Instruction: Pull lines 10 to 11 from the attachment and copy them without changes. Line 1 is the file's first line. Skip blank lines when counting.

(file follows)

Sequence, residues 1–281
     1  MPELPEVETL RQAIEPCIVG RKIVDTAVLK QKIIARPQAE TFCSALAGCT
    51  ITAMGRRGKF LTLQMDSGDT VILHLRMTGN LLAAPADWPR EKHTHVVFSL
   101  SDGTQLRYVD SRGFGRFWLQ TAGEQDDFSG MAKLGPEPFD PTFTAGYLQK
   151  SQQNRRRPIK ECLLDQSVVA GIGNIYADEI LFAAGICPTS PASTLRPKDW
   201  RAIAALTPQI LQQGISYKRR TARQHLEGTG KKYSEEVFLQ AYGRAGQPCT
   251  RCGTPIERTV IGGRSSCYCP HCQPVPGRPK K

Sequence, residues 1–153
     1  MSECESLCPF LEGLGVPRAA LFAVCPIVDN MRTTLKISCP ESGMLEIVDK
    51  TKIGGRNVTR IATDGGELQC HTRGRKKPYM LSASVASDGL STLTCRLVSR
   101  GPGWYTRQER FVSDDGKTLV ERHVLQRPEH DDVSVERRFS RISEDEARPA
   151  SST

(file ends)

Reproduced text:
    51  TKIGGRNVTR IATDGGELQC HTRGRKKPYM LSASVASDGL STLTCRLVSR
   101  GPGWYTRQER FVSDDGKTLV ERHVLQRPEH DDVSVERRFS RISEDEARPA